• Renting vs. buying the wall. Most companies lease walls to customers. The standard time-frame is up to three years, at which point a renewal fee is required. If you’re thinking about using the wall for longer than three years, it may be worth it to purchase the wall (from a company like The Wall Company that offers that).

Here are five companies that specialize in building walls around the city. They all work with renters and owners.

1. The Living Space Company
Many New York City apartment buildings (including my own) require tenants to use The Living Space company because of their solid reputation. When I hired them two years ago, I found the experience pretty smooth. I gave them a $200 deposit, and $1,500 and 6 hours of work later, we had a two-bedroom apartment (with French doors!).

As long as we give them four weeks notice to take the wall down, there’s no take-down fee, and we’ll get our $200 deposit back as long as we don’t go over a three-year rental period. The lease term is good up to three years, after that we can pay $237 plus tax for another three years (the company will go in, inspect and tighten the wall at that point to make sure it’s safe for another three years).

The company does partitions with light panels, through window sills and more. 

2. The Wall Factory 
Unlike some of their competitors, Wall Factory doesn’t reuse parts of walls, so there are no security deposits or leasing fees. They also sell, rather than lease, the walls, so there are no time restrictions. The removal cost is factored into the price, as long as the customer gives 30 days notice.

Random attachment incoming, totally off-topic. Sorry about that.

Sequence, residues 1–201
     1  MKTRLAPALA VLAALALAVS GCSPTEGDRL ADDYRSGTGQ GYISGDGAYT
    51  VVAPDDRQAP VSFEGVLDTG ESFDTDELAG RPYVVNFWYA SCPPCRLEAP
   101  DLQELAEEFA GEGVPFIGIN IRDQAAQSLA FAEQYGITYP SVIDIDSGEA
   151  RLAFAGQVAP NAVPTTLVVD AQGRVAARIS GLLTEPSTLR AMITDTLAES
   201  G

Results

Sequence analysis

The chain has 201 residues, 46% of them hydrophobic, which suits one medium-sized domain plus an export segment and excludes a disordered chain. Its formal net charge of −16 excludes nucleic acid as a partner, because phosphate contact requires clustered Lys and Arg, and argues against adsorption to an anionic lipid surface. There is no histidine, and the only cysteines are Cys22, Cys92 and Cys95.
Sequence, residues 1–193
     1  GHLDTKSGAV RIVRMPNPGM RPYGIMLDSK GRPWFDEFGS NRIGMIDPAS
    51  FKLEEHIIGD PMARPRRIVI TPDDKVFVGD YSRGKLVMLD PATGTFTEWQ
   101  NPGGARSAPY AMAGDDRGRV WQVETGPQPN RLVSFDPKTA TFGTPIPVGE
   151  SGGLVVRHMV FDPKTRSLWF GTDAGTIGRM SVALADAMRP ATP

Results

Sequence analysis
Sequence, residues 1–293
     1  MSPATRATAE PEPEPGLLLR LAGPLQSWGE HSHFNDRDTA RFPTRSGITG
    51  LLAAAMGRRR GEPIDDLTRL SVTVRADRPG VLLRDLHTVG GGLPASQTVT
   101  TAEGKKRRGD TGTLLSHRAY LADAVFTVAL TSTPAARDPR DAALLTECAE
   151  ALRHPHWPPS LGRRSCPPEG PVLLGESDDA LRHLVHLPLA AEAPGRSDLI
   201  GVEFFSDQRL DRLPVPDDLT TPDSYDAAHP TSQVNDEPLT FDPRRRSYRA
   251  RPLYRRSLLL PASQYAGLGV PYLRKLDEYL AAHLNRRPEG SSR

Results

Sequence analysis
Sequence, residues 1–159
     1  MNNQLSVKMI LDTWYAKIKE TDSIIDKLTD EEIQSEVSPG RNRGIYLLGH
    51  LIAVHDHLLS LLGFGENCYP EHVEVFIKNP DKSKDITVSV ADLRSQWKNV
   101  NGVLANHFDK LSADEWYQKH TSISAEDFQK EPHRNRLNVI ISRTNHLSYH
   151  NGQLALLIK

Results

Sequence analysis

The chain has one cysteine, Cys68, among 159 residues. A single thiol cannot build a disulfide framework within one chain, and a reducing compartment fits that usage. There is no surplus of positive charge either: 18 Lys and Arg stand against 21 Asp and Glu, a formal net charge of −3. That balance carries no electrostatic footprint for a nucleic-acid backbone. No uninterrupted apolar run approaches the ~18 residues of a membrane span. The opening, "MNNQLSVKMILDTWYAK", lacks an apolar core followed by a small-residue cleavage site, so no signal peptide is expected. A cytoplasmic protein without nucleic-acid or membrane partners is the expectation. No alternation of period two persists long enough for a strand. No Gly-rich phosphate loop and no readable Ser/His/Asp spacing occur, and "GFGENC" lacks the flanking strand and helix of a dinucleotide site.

If customers are planning to move out and the next tenant wants to keep the wall up, they will transfer ownership to the new tenant for a small fee.

According to the company, because of the stricter regulations, they’re not building as many seamless walls as they once were. In fact, 95 per cent of their clients these days request bookshelf walls rather than the seamless walls they did in the past.

Because their temporary walls are seamless, they require sanding and touch-up painting, a process that can take a little longer to complete than pre-fabricated walls.

Walls start at about $600 and can go as high as $3,000 or more.

They also offer both student discounts and expecting parent discounts.

3. Room Dividers NY
This Brooklyn-based company offers walls from $550-$3,500, though the average wall (built with a door) runs around $850 ($550 would be for covering up a doorway, $3,500 might be for a heavy duty sound-proof accordian wall).

Room Dividers rents the wall to customers, and they usually do leases up to three years. After that, you can extend the lease for $150, which covers them up to 3 years again.

It usually takes somewhere between 4-6 hours to build. There’s no need for a deposit, and the company says there are no fees to take the wall down. 

4. Manhattan pressurised Walls
This company was named Best Pressure-Wall Builder byNew York Magazine in 2011. Seamless, sound-reduced temporary walls are built on the premises, in a process that usually takes about 5 hours. 

The costs range from $800-$1,000 for a standard wall with door, but according to company president Simon Kaljevi, “the possibilities are endless.” The company has converted lobbies for construction, and worked on projects that cost up to $20,000.

As long as you give three weeks notice, there’s no additional cost to take a wall down, Kaljevi said.

Walls can be bought too, with purchase prices starting at $250.

5. All Week Walls
All Week Walls’ temporary walls cost between $700 and $2,000. The company builds both seamless walls and walls with seams, though they prefer to go with seams, since they’re more efficient and cheaper for the client.

Customers actually purchase the walls, and as long as they have four weeks notice, the company will take down the wall for free. Otherwise, it’s somewhere around $350.

Donny of All Week Walls says he always complies with building management rules, building partial walls in some cases. Still, most clients opt for full-length pressurised walls, he says.